In this column last week, I asked if it was time for the federal government to step in and help protect the Internet against security problems. I received a lot of interesting responses (most beginning with, "Are you nuts?"), but one that piqued my interest suggested that the government should build a powerful and much more secure Net for its own use and that, over time, the benefits of this next Internet would pass to the public Net.
When I read this response, I instantly thought, "Haven't we been talking about this for years? Doesn't this exist already?" Well, the answer is not really.
Many years ago, the government launched the Next Generation Internet Program. A quick check of www.ngi.gov shows that this program is now complete. So, did we build a powerful and secure new Net? No, but lots of good research into large-scale networking took place.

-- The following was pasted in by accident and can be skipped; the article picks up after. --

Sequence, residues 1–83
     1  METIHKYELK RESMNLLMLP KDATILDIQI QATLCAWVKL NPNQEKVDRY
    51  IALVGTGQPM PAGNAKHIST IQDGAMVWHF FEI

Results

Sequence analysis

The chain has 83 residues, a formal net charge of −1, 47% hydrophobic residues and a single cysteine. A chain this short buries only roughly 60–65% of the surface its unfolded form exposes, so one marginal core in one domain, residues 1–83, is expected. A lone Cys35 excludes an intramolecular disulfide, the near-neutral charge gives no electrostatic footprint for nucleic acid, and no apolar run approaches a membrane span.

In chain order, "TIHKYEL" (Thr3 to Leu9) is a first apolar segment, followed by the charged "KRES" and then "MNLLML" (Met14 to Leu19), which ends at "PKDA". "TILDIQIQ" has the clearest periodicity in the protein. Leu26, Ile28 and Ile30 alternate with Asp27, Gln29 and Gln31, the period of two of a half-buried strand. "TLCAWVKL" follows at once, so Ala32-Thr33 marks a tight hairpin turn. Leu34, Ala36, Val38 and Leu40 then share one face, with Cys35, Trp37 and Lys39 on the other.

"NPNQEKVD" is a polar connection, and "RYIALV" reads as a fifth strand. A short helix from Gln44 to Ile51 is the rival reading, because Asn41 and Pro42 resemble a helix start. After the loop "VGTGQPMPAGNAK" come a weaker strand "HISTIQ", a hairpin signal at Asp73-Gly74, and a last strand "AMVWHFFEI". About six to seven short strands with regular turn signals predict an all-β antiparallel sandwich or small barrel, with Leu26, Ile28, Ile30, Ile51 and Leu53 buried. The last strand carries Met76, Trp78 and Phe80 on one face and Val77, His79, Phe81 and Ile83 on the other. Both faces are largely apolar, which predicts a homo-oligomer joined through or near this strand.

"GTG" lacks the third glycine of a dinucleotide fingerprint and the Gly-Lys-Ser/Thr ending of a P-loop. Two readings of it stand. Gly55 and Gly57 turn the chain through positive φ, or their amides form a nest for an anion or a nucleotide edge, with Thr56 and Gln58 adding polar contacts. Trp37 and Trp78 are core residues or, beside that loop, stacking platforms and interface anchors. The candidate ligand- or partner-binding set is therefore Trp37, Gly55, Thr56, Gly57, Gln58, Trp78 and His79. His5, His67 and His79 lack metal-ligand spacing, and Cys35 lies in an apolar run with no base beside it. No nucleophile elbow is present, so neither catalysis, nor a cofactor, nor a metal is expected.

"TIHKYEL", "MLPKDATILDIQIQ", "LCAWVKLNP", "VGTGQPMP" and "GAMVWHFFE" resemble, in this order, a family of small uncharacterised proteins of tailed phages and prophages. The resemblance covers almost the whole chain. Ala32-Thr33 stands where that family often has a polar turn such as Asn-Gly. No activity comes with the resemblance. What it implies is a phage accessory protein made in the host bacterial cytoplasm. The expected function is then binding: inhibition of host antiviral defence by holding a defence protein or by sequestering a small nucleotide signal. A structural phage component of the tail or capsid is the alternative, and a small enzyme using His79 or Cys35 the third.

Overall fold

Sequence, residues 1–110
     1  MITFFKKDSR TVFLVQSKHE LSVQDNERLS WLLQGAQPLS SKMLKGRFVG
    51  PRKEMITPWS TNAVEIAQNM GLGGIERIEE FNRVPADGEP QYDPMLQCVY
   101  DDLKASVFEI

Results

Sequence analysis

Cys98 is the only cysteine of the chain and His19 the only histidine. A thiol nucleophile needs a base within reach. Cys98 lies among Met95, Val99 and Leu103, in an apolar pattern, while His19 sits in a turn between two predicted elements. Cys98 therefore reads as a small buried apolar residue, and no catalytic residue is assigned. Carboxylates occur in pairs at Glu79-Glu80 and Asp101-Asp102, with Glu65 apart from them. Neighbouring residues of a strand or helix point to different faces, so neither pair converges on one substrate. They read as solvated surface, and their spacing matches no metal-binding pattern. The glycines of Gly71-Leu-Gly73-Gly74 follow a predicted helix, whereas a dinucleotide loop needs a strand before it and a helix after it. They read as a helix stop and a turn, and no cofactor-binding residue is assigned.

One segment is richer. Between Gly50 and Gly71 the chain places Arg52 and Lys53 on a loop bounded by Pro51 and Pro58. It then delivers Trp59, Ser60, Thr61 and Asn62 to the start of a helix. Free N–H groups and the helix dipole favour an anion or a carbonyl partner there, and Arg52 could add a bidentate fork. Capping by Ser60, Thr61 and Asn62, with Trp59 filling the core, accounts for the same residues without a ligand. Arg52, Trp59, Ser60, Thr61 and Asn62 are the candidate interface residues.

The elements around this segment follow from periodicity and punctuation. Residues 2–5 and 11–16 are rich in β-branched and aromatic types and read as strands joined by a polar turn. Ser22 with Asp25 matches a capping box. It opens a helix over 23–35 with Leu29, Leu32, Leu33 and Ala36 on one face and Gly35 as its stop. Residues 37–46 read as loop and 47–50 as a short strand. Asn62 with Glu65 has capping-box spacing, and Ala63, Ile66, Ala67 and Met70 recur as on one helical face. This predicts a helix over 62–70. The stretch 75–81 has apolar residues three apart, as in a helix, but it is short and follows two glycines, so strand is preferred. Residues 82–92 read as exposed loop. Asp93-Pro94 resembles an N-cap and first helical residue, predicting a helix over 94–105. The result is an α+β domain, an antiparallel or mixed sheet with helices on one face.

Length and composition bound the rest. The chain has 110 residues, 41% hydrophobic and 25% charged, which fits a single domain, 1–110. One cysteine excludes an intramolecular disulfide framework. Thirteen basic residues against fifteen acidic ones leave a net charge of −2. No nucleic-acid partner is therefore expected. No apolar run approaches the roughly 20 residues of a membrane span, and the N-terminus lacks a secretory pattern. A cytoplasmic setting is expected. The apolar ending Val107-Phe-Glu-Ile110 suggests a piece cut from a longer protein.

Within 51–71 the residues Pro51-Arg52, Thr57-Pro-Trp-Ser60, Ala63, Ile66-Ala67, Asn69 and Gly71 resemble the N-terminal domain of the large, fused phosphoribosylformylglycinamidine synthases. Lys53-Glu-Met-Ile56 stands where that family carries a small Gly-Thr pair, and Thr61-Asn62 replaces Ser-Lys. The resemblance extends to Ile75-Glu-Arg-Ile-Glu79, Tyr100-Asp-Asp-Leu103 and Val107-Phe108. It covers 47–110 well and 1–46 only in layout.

Another force behind future Internet technologies is the Internet2 Consortium (at www.internet2.org). It has done, and continues to do, very interesting work, including a cool recent demonstration where the contents of an entire CD-ROM were transferred from Alaska to Amsterdam in 13 seconds. But few of these technologies have made their way to the public Net.
This is too bad because we need these advances, not just because of the massive improvements in bandwidth and unique naming addresses but also because of the much-improved protocols that will make it much easier to secure the Internet.
Many old barriers should now be easier to overcome. Even hardware that is three years old has features such as IPv6 support that make it possible to handle advanced networking.
So where's my next Internet? I think it's about time for it.
Will the next-generation Internet ever come? Let me know at firstname.lastname@example.org.